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Escape from the City? The Role of Race, Income, and Local Public Goods in Post-War Suburbanization

  • Leah Platt Boustan

Affluent towns often deliver high-quality public services to their residents. I estimate the willingness to pay to live in a high-income suburb, above and beyond the demand of wealthy neighbors, by measuring changes in housing prices across city-suburban borders as the income disparity between the two municipalities changes over time. I find that a $10,000 increase in town-level median income is associated with a seven percent increase in housing values at the border. The estimated demand for high-income municipalities is primarily driven by school quality and lower property tax rates.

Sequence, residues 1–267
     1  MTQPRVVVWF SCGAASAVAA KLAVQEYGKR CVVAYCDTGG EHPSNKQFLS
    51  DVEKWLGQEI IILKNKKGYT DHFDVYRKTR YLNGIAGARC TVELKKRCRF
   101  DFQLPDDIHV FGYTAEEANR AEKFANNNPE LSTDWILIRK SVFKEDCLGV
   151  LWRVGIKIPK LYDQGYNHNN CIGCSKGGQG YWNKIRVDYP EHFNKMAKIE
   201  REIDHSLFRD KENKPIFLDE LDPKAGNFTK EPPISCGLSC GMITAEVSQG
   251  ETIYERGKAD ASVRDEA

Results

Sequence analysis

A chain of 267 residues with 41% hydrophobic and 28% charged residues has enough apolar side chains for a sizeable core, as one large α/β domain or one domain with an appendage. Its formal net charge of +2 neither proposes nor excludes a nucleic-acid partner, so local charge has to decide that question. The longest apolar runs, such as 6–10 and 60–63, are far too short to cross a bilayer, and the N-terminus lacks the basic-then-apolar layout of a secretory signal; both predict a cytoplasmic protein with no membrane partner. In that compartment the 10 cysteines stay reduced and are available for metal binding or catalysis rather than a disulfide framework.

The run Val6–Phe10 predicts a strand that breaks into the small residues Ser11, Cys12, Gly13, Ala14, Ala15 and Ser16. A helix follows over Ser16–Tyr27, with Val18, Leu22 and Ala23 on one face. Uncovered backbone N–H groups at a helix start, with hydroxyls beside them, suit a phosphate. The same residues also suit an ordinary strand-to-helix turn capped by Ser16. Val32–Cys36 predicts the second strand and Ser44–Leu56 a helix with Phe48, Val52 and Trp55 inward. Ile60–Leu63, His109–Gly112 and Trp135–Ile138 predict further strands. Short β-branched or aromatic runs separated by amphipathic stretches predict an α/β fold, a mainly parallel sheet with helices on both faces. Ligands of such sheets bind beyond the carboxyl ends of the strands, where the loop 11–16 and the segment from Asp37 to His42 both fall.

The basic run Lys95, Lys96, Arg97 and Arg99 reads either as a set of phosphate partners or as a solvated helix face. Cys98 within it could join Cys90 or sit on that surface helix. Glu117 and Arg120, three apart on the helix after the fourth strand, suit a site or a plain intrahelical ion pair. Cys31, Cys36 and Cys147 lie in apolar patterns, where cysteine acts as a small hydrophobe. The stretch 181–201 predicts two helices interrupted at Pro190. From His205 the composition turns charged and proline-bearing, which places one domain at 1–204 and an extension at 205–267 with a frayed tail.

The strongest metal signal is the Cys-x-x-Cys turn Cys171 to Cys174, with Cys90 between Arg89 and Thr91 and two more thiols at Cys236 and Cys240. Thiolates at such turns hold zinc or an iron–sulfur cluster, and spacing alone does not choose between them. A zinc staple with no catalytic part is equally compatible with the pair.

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File URL: http://www.nber.org/papers/w13311.pdf
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Paper provided by National Bureau of Economic Research, Inc in its series NBER Working Papers with number 13311.

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Date of creation: Aug 2007
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Publication status: published as “Was Postwar Suburbanization 'White Flight'? Evidence from the Black Migration.” Quarterly Journal of Economics, 2010.
Handle: RePEc:nbr:nberwo:13311
Note: DAE
Contact details of provider: Postal: National Bureau of Economic Research, 1050 Massachusetts Avenue Cambridge, MA 02138, U.S.A.
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